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Writing History

BOOKS
September 15, 1985
I am a former member of the 15th Hospital Center, a World War II Army medical unit that trained at Camp Barkeley, Tex., and served in the Zone of Interior at Cirencester, England, during 1944-45. I am writing a history of the old Army unit and am attempting to contact as many of our former members, or their survivors, as I possibly can. Many of my addresses are 40 years old. Four of our group came from the Los Angeles area: Leo Block, Merle E. Blough, Charles N. Morris and the late Glenn V. Woodward.
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NEWS
October 1, 2012 | By Liesl Bradner
With millions of books sold worldwide, historian, Pulitzer Prize-winner and bestselling author Robert K. Massie has devoted the majority of his career to studying the House of Romanov, Russia's royal family from 1613 to 1917. He will be lecturing on the craft of writing history Monday night at Claremont McKenna College in Claremont. Massie, author of  “Catherine the Great: Portrait of a Woman,” now available in paperback, became an expert on the imperial family beginning with "Nicholas and Alexandra.
NEWS
September 13, 1987
A memorial service for longtime Artesia resident and historian Albert O. Little will be held today at 1 p.m. at the Artesia Community Center, 18750 Clarkdale Ave. Little, who was known to many residents as "Mr. Artesia," died Tuesday at Pioneer Hospital. He was 87. The center was renamed the Albert O. Little Community Center on Aug. 10. Today's ceremony had been originally planned to be a rededication ceremony, City Manager Eugene Romig said.
BOOKS
April 21, 2002 | SUSAN SALTER REYNOLDS
Question: What interests you about writing history? Answer: I'm interested in telling stories, in capturing those moments when the internal imagined experience intersects with social reality. Individual lives give this experience context. I have to be adept at telling the tale and using the factual record. I have to be particularly choosy about which facts I get to keep. Q: What aspect of California history interests you most?
CALIFORNIA | LOCAL
April 1, 2002 | From Times Staff and Wire Reports
Ed Turner, 66, who helped establish CNN as a respected major news organization, died Saturday of liver cancer in George Washington University Hospital in Washington, D.C. Turner was hired in 1980 as one of the first news professionals brought into the fledgling network. The fact that he coincidentally shared the last name of CNN founder Ted Turner earned him the nickname "No Relation" Turner, which he had printed on matchbooks he distributed from his office.
ENTERTAINMENT
June 14, 2013 | By Mark Schone
History may be written by the victors, but Alexander Hamilton became a victor by writing history. He died at the hands of lifelong rival Aaron Burr in a famous duel, yet posterity has been kinder to Hamilton because of the power of his pen. During his lifetime, Hamilton couldn't stop Burr from eclipsing him politically - Burr became vice president and invented the Democratic Party , while Hamilton's career died with George Washington. But with years of letters impugning Burr's motives and morals, Hamilton was able to sway enough opinions to deny Burr a second term as vice president and the governorship of New York.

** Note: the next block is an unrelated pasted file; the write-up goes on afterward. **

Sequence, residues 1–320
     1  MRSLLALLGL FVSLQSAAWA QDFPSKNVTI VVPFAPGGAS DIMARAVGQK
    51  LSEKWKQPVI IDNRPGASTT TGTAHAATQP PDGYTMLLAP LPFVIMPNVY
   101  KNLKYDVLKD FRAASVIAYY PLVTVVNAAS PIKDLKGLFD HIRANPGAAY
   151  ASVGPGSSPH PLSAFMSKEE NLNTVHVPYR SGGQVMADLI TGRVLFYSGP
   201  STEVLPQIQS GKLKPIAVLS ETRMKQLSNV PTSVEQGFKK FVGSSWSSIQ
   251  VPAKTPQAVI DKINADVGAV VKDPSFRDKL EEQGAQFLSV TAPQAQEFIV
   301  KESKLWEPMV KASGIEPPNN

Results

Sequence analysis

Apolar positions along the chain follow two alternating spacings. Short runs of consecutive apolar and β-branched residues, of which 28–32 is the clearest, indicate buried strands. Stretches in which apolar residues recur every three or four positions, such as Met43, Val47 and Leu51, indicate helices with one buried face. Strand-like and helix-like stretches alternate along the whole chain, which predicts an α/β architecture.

ENTERTAINMENT
February 19, 2012 | By Scott Martelle, Special to the Los Angeles Times
Watergate A Novel Thomas Mallon Pantheon: 448 pp., $27.95 A few months ago I attended a book launch party for Adam Hochschild's World War I history, "To End All Wars: A Story of Loyalty and Rebellion, 1914-1918," where he offered a concise dissection of the difference between writing novels and writing history. To write history, he said, the story needs only to be true. To write a novel, the story must be plausible - an often much more difficult thing to accomplish.
OPINION
February 2, 2014 | By Nicholas Meyer
The Italians have a phrase, si non è vero è ben trovato , which roughly translates as, "If it isn't true, it ought to be. " If only the critics who decry the inaccuracies to be found in recent movies could take that attitude. Whether dealing with outer space, the Southern slave trade, Somali pirates or Walt Disney, films have been called out this year for the least deviation from "reality" (a word Nabokov insisted routinely belongs within quotation marks). Unless specified as documentaries, feature films are intended to be viewed as stories.
BOOKS
June 15, 1986 | Arthur Quinn
"The Cambridge Apostles"--many Americans became aware of this venerable semi-secret society of Cambridge University only during the 1980s, when many of the British elite then being exposed as long-time agents for the Soviet Union were also found to have something else in common: While Cambridge undergraduates, they had been Apostles.
BUSINESS
July 16, 2011 | By Ben Fritz, Los Angeles Times
Harry Potter didn't even wait until the sun rose to start vanquishing box-office records. The last big-screen adventure of the boy wizard, "Harry Potter and the Deathly Hallows — Part 2," raked in $42.5 million at midnight screenings in the U.S. and Canada, according to Warner Bros. The previous record was about $30 million, set in 2009 by "The Twilight Saga: New Moon. " Fans eager to see Harry's final battle with the evil Lord Voldemort began lining up early Thursday for the shows.
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